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A worker shortage but layoffs continue
Many sectors, even old line manufacturers, are scrambling to find skilled workers.
December 15, 2005: 2:33 PM EST
By Chris Isidore, senior writer

NEW YORK ( - General Motors plans to close a dozen facilities and cut 30,000 hourly jobs. Ford Motor is reportedly right behind with a cut of that size.

A slowdown in housing is forecasted to cost 500,000 construction jobs in the next two years, along with 300,000 finance jobs. Layoff announcements are on pace to top 1 million for the fifth straight year in 2005.

And yet amidst the shedding of employees, labor experts and executives are saying we are already seeing signs of a shortage of skilled workers. There are already some localized and occupation-specific spot shortages and some industries have reported trouble filling openings, even in old line sectors such as manufacturing.

Further economic growth forecast for 2006, coupled with a coming increase in retirements by aging baby boomers could soon tip the labor market in favor of job seekers rather than employers, perhaps as soon as the end of 2006.

"If you look at skilled positions like electrical engineers or application engineers, the average time to fill those positions has gone up from six to eight week," said Jeff Joerres, chairman and CEO of Manpower, the job placement and temporary worker firm. "That may not sound like a lot of time, but with all the efficiency improvements of recent years, there's not much leeway in staffing when you have an opening."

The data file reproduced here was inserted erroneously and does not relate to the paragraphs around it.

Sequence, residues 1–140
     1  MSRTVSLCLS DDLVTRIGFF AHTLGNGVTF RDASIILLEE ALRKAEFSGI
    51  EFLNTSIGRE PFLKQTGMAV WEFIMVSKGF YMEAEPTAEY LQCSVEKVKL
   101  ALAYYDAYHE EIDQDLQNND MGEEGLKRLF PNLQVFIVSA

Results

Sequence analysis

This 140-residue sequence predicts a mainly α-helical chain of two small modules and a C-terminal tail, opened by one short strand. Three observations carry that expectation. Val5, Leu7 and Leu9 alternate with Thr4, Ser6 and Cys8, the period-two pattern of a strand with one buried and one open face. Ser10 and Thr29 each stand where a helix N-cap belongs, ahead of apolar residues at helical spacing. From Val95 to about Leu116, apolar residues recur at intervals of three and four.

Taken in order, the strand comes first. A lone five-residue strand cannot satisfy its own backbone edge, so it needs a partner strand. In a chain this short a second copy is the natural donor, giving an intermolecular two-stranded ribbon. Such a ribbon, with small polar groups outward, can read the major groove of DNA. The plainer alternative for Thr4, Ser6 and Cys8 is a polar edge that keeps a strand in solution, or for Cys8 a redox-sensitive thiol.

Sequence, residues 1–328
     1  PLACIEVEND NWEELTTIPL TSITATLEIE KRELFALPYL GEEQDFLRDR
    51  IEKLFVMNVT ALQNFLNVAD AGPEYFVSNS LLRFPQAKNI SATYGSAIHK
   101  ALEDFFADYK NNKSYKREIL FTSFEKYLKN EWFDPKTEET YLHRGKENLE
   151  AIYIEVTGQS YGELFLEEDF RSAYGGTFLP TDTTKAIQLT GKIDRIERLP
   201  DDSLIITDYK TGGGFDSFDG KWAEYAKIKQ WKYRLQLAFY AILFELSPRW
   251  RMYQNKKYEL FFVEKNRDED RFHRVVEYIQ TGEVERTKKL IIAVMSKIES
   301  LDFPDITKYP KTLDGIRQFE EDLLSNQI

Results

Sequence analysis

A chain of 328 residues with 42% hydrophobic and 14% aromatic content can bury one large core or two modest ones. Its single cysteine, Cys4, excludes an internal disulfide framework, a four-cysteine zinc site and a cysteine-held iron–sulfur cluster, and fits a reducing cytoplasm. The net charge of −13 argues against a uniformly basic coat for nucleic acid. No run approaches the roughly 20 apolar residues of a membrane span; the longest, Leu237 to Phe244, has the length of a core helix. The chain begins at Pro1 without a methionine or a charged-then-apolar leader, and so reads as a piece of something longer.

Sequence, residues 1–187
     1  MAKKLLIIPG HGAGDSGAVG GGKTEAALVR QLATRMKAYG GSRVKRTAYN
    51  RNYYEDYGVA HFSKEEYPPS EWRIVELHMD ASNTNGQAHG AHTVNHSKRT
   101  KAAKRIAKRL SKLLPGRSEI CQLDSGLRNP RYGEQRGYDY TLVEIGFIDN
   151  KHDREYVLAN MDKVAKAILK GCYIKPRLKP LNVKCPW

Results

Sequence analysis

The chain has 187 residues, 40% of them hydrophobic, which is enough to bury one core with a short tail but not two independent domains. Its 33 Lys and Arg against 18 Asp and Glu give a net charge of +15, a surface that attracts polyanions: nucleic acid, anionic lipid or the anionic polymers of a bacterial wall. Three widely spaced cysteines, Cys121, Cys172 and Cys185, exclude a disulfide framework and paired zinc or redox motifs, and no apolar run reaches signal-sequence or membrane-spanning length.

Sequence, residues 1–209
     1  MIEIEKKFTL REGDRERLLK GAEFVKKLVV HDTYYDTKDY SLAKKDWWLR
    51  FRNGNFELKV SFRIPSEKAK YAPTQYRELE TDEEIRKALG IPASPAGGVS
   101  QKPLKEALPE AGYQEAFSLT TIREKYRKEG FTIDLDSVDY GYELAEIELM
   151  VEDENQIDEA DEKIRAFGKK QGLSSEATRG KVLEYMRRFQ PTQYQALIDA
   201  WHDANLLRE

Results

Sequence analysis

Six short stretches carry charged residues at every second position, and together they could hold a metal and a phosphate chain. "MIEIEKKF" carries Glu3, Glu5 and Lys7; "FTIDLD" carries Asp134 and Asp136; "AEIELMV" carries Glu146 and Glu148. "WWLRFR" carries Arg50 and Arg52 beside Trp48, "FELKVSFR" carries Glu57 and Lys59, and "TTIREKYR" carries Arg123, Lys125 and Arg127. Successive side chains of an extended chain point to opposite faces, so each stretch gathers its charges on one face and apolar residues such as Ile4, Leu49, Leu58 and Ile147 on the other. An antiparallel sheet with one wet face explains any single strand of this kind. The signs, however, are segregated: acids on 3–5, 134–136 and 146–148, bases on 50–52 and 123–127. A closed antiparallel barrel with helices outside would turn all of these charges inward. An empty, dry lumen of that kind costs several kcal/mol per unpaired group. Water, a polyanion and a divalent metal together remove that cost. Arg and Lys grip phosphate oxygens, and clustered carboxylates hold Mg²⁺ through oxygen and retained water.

Overseas competition has kept a cap on wage increases, even as the labor market has tightened since it started adding jobs the last two years. Still the average hourly wage is up 3.2 percent over the last 12 months, about twice the rate of increase seen in the first three months of 2004.

"I would say by the end of next year, it could take 12, 13, maybe 14 weeks to fill a spot, and that's when you'll see upward pressure on wages," said Joerres.

Shortage crimping production

A survey by Deloitte Consulting and the National Association of Manufacturers found that more than 80 percent of manufacturers surveyed are experiencing an overall shortage of qualified workers, with 90 percent reporting a moderate to severe shortage of qualified skilled production employees including machinists, operators, craft workers, distributors and technicians. Engineers and scientists are also in short supply.

In addition, 83 percent of manufacturers surveyed indicated these shortages are currently affecting their ability to meet customer demands, with more than half reporting difficulty achieving necessary production levels.

Dick Kleinert, a principal with Deloitte, who headed up the NAM study, said that while some troubled companies like GM or Ford might need to cut staff and production, it's getting rarer to see companies being able to use productivity improvements to cut staff.

"They've been getting lean and pushing the efficiency envelope for a decade," he said. "So in this latest survey, when we asked what was the most important factor in their success, being a low cost producer status ranked only No. 3 on the list. What ranked as No. 1 attribute was having a high performance work force."

Pay raises ahead